With the absolute bludgeoning the New England Patriots laid on the Pittsburgh Steelers last night, Sunday Night Football illustrated better than any writer, stat sheet or coach could the point that this year’s NFL does not have a single team that can be pegged as a sure-fire playoff team.

This year more than ever the cliche “any given Sunday” has taken on real meaning. Two weeks ago the Patriots were dominated by a 2-5 football team. The Browns had played teams tough, but couldn’t do enough to win most of the time and the general consensus was that they would have to play a perfect football game in order to even have a chance at beating the Patriots. They played nearly perfect and not only won, but dictated the game from start to finish.

The consensus among football circles was pretty much the same. If New England, now further exposed as a flawed team, wanted to beat the Steelers, the perceived league powerhouse, the Patriots would have to play flawlessly. They did. And while it was only a 13-point margin at the end, it was clear to those who watched that the Patriots won the game by more than 13 points.

So is there any team that can be looked at as a favorite to win the Super Bowl this year?

Pittsburgh and New England are both still fine football teams, but both have shown obvious weaknesses, especially in certain 1-on-1 matchup scenarios.

The New York Jets are also 7-2 and they easily could be 4-5. Sure, the point is that they’re not and Mark Sanchez just threw a winning touchdown pass, but before that, he threw a big interception in overtime. Would a better team have turned that against the Jets?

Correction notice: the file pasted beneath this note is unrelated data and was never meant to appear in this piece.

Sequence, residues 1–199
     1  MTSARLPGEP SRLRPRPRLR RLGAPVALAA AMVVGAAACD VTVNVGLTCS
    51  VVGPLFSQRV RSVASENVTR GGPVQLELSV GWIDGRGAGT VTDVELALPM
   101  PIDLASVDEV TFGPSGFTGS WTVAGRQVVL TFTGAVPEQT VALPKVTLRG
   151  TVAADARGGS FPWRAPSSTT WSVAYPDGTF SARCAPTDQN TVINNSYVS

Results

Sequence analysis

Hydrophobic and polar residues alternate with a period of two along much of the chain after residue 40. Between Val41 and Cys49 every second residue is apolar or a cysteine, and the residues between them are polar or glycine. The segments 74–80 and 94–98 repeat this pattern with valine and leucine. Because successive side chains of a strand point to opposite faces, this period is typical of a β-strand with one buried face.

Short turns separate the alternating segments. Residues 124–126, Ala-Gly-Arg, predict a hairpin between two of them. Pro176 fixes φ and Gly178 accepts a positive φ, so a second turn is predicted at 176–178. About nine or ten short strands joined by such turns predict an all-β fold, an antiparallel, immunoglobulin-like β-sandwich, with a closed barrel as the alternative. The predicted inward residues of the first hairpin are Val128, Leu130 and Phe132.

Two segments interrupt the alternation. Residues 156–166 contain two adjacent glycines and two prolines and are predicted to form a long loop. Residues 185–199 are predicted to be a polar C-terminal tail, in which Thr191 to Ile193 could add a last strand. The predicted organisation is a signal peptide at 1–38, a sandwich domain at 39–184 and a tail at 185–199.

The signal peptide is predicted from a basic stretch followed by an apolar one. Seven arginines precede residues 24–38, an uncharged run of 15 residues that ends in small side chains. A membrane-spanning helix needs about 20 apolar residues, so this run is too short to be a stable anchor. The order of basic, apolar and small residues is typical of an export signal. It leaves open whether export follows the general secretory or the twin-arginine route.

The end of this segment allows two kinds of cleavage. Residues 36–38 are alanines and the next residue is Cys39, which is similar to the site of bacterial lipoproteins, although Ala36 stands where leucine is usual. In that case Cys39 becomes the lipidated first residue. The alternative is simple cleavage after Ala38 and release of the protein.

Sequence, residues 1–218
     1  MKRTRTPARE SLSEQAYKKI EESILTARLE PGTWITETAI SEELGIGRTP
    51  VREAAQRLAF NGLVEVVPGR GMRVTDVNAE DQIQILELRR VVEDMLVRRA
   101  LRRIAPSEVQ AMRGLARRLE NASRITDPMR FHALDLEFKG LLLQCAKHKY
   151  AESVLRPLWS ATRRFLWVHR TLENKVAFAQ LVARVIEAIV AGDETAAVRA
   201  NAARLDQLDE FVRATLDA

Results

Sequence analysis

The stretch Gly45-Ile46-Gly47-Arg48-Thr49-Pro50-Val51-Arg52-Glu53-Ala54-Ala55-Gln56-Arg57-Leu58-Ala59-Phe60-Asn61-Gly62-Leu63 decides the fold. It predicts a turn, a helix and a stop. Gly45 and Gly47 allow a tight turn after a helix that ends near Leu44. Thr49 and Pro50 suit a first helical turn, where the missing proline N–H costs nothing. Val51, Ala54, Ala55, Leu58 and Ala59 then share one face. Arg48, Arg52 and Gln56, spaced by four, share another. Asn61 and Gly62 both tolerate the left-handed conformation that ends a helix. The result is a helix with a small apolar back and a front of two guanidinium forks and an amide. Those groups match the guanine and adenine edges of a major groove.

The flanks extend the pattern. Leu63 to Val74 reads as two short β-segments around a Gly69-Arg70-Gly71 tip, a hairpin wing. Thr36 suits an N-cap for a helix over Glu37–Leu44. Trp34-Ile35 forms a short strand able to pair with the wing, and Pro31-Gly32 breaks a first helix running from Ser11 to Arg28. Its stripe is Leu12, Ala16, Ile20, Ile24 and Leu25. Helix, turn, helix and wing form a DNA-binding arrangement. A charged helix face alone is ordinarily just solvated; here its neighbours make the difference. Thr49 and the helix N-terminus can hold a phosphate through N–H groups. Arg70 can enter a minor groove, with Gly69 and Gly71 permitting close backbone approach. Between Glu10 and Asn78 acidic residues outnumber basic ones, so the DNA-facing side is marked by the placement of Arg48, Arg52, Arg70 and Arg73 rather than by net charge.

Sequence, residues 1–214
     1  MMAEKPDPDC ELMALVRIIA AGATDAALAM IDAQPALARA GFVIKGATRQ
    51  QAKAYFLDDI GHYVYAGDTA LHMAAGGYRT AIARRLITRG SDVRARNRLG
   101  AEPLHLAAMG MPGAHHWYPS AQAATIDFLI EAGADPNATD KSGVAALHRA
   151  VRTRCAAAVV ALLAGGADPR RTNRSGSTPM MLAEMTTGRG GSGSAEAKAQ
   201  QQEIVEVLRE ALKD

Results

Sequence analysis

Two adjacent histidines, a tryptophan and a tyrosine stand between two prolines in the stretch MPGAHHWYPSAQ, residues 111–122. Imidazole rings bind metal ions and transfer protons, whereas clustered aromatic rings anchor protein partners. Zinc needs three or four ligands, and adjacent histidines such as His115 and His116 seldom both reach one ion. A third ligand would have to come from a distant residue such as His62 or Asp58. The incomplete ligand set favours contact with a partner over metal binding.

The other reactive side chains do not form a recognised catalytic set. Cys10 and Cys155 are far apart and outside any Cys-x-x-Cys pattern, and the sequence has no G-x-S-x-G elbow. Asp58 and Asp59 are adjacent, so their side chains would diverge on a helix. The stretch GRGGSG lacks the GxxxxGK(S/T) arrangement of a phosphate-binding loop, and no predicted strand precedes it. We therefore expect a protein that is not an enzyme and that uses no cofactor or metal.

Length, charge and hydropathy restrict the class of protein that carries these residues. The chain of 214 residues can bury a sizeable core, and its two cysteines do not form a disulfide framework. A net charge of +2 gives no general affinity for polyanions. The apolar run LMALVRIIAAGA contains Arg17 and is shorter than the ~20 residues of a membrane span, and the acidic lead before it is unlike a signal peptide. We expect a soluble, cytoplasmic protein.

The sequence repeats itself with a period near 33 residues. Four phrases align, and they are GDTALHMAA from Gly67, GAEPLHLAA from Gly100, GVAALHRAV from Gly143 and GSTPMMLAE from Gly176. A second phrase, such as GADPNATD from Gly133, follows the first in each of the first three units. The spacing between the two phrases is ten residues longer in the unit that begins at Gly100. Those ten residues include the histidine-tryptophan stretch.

Baltimore’s defense is not the juggernaut of the past, especially in the secondary and there just doesn’t look like there are enough bullets in Joe Flacco’s gun to make up for it.

The Colts now lead the AFC South all by themselves, but the defense in porous and injuries plague them on both sides of the ball.

In the NFC, Matt Ryan and the Falcons sit at 7-2, but they won last week because Roddy White pushed a defensive back to the ground on a blatant offensive pass interference that wasn’t called against the Ravens. White even admitted doing it after the fact. Is that the sign of good hustle, or a team that still thinks it’s desperate for wins?

The New York Giants are turnover machines and you have to think that that will come back to bite them eventually.

New Orleans is getting healthier and have back-to-back wins, including one against Pittsburgh. Could they be primed to make a run coming off the bye? If so, the defense will have to do better than it ha in terms of takeaways. That’s what made them so successful last year.

Can any of these teams be called a clear-cut favorite? No way.

But you know what? That’s alright. And the league should think it’s alright, too. While there is a perception that a marquee team is needed in order for there to be a marketable, recognizable “brand” out there on the football field, the fact that there are so many teams with a chance is a huge positive for the league.

When you look at the standings, there are only a handful of teams that are truly out of the running for the postseason at this point. Along with that comes stronger interest from multiple markets that are filled with fans who want to know if their team could take advantage of the year without Goliath.

It’s good for fans and it’s good for football. While as a fan you hope your team will simply crush every team they face and bring home a championship, as someone who appreciates the game, it’s a very exciting time.